Fluid Dynamics

Some fluids are moving and studying this movement of the fluid is complicated. Thus, in studying the dynamics of the fluid, the topic is limited on the study of the ideal fluid. The following are the four assumptions on the properties of an ideal fluid. These properties concern on how the fluid flows.

Fluid is traveling at the same path and it does not change with time. The path taken by every particle in a fluid is called flow line. In this type of flow, the velocity of every particle passing through a point is the same. Steady flow is also called as laminar flow.

2. Incompressible Flow

An ideal fluid is incompressible, meaning, it’s density is constant and has uniform value.

3. Nonviscous Flow

Viscosity is referred to as the internal friction in a fluid. Since ideal fluid is nonviscous, this means that there is no internal fiction in it. It follows that an object flowing in a nonviscous fluid experiences no internal friction or viscous drag force, it will move at constant speed though the fluid.

4. Irrotational Flow

The fluid has no angular momentum at any point. This implies that an object placed in an irrotational fluid will not rotate about its center of mass.

Some terms we may also encounter in studying fluid dynamics are:

Streamline or flow line is the path followed by an individual fluid particle.

Tube of flow is a bundle of streamlines.

Turbulent flow is irregular flow characterized by small whirlpool-like regions.

The Continuity Equation

The speed of flow of fluids may vary with varying cross-sectional area. The aim here is to derive an equation to show the relationship between the speed and area for the steady flow of an ideal fluid passing through a tube of different cross-sectional area. This idea and the fact that the mass of a fluid does not change as it flows leads to the discovery of an important relationship called as the continuity equation.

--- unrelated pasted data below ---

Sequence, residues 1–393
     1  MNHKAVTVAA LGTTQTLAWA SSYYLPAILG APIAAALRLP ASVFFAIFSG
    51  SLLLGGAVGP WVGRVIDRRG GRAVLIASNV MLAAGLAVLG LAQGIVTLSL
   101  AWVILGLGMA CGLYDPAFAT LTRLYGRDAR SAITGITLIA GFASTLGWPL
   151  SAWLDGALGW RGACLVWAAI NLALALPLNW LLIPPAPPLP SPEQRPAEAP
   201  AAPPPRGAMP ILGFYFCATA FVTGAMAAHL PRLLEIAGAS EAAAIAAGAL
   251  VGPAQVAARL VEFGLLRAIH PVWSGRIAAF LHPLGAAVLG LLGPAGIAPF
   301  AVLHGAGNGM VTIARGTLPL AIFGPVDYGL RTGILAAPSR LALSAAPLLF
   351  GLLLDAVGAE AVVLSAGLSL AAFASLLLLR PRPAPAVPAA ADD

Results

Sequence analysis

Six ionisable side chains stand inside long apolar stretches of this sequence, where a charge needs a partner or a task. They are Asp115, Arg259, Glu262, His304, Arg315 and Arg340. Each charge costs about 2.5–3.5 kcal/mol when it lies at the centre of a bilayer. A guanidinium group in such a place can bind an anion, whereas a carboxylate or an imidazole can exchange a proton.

In getting this equation, a portion of a flow tube between two stationary cross sections with areas A1 and A2 is being considered in which the speed of the fluid flowing is indicated as v1 and v2. It is determined that the speed of flow of the fluid varies inversely with the cross-sectional area, thus, decreasing the cross-sectional area means the faster the speed flow. Mathematically, the continuity equation is written as

$$A_1v_1 = A_2v_2$$

The volume past a given point per unit time is said to be the same for all cross sections of the tube of flow. This is called as the  volume flow rate, denoted as Rv and is expressed mathematically as

$$R_v = Av = constant$$

The unit for volume flow rate is the cubic meter per second, m3/s. If the density of the flowing fluid is given with constant value, the mass flow rate can be determined by multiplying the volume flow rate with the density. Denoted as Rm, the mass flow rate is represented by the equation

$$R_m = \rho R_v = \rho Av = constant$$

The SI unit for the mass flow rate is kilogram per second, kg/s. The equation implies that the mass of the fluid flowing in and out the tube segment per second must be equal.

Example

The speed of the water flowing through a garden hose of diameter is 1.2 cm is 2.5 m/s. If the opening of the hose is reduced to 0.8 cm, what is the speed flow of the fluid as it escapes out of the nozzle?

Given:

diameter, dhose = 1.2 cm

diameter, dnozzle = 0.8 cm

speed, v1 = 2.5 m/s

Find: v2

Solution:

We first solve for the cross-sectional area of the hose and the nozzle. Since the cross section of the hose and the nozzle is in circular shape, we use the formula for the area of circle which is $$A=\pi r^2$$.

For the cross-sectional area of the hose, A1:

Since the given in the problem is the diameter, we solve for the radius $$r = {d \over 2} = {1.2\;cm \over 2}=0.6\; cm$$.

$$A_1=\pi r^2 = \pi (0.6\;cm)^2 = 1.13\;cm^2$$

For the cross-sectional area of the nozzle, A2:

The diameter of the nozzle is 0.8 cm. Its radius is $$r = {0.8\;cm \over 2} = 0.4\;cm$$. The cross-sectional area is

$$A_2 = \pi r^2 = \pi (0.4\;cm)^2 = 0.50\;cm^2$$

We can now solve for the speed flow of the fluid using the continuity equation.

$$A_1v_1 = A_2v_2 \implies v_2 = {A_1v_1 \over A_2}$$

Substitute all the known values to get the value for v2,

$$v_2 = {(1.13\;cm^2)(2.5\;m/s) \over 0.50\;cm^2} = 5.65\;m/s$$

Thus, the speed flow increases when the cross-sectional area is decreased.